Legionella Testing Could Save Your Life this World Water Day

Legionella testing is an essential part of health and safety

HELD each year since 1993, World Water Day on March 22 is an important day for many, focussing on the importance of access to fresh water.

According to the UN, which organises the annual event, as many as 2.2 billion people around the world don’t have access to clean water. Alongside its partners, the UN is taking action to avoid a global crisis.

For the team at Acorn Safety Services, World Water Day presents a unique opportunity to spread the word about legionella and answer some common questions about the bacteria which can be deadly if it is not identified and dealt with quickly.

What is legionella bacteria?

Legionella bacteria is a microscopic bacteria which thrives in warm, damp conditions – particularly in pipework, boilers, showers and air conditioning units. It can be a significant threat for people living and working in any premises which have been left empty for a long period of time.

In affected premises, legionella bacteria is present in water droplets which can then be inhaled by anyone nearby. This is a particular threat to the elderly or those whose immune systems are compromised. Many will go on to develop Legionnaire’s Disease – an illness very similar to pneumonia, which can be deadly.

The key to protecting workplaces from legionella bacteria lies in regular risk assessments, which should be carried out by a trained professional as part of your regular health and safety checks.

What temperature does legionella bacteria grow in?

Any water systems where water is stored between 20–45 °C are at greatest risk of developing legionella bacteria. There is also an increased risk if the water is stored or re-circulated, or if rust, sludge and organic matters are also present.

While legionella bacteria is often found in many rivers, streams or water courses, it becomes dangerous when it finds it way into domestic homes or businesses.

It is the responsibility of the employer or dutyholder to ensure the latest health and safety guidelines are adhered to and that everyone using an office or building is kept safe.

How is legionella bacteria treated?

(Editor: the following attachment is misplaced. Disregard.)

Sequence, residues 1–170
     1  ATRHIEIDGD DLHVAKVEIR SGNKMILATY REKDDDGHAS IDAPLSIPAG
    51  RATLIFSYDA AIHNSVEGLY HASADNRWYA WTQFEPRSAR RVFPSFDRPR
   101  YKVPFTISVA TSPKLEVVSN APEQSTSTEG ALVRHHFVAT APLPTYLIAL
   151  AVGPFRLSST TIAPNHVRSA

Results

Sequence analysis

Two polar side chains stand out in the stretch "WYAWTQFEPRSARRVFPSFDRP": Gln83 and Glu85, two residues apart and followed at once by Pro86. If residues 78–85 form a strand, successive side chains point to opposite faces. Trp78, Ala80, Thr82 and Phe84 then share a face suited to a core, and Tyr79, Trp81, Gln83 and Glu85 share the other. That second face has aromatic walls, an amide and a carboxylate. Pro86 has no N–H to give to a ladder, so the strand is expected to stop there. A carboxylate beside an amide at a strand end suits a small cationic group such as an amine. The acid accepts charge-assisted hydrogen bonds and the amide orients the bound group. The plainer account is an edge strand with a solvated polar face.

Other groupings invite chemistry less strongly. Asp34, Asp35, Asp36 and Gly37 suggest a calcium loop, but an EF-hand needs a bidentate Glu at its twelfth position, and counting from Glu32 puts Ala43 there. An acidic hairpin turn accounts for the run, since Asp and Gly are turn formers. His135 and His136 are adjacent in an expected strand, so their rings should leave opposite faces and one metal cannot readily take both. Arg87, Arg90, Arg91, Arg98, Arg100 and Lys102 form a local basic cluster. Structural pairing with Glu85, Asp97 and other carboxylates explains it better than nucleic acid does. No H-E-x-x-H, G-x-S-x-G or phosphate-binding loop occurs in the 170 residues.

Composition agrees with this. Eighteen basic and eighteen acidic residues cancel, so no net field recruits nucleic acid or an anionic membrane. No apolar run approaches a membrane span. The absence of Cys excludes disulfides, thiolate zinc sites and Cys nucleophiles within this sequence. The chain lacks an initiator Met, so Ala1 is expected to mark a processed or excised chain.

Once legionella bacteria is identified through a risk assessment, remediation can take a number of forms.

Most commonly, chlorine will be flushed through the water system to kill the bacteria before fresh water is then run through to clean the system thoroughly. Alternatively, water will be heated to extremely high temperatures to ensure the bacteria cannot survive.

Full training is also given by our team of highly-trained legionella consultants while our logbooks and dashboard provide a simple way of storing essential health and safety documents and logging regular water temperature readings.

In some circumstances, it might also be necessary to alter plumbing to avoid problem areas -such as dead legs – where bacteria can collect.

Why choose Acorn Safety Services for legionella testing?

As one of the UK’s leading independent health and safety consultancies, Acorn Safety Services can support you with all of your health and safety needs.

Our team of experts support clients right across the UK and offer a seamless service, from making your appointment, right through to issuing a full and comprehensive report and providing advice and support on our remediation services should legionella bacteria be found on your premises.

Our new logbooks and dashboard make it even easier to stay on track with your documents and any readings which are requested by your dedicated consultant.

In addition, we also offer training and a wide range of helpful resources and information sheets which can all be found on our dedicated website, www.legionellarisks.co.uk

For all your health and safety needs visit https://acornhealthandsafety.co.uk/ today or contact us at info@acornhealthandsafety.co.uk or on 01604 930380.


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Legionella testing is an essential part of health and safety

Legionella Testing Could Save Your Life this World Water Day

HELD each year since 1993, World Water Day on March 22 is an important day for many, focussing on the importance of access to fresh water. According to the UN, which organises the annual event, as many as 2.2 billion ...

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